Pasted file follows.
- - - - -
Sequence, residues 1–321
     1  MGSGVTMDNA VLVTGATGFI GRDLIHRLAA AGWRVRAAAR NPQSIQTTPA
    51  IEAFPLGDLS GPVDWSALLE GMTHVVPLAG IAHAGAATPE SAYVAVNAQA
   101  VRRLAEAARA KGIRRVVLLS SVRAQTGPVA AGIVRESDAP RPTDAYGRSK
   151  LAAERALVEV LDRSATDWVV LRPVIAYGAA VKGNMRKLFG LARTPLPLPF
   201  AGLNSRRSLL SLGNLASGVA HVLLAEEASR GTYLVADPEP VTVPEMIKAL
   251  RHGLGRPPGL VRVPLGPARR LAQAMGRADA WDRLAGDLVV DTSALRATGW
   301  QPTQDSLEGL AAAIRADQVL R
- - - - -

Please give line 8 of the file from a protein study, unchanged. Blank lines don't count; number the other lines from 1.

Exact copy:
   301  QPTQDSLEGL AAAIRADQVL R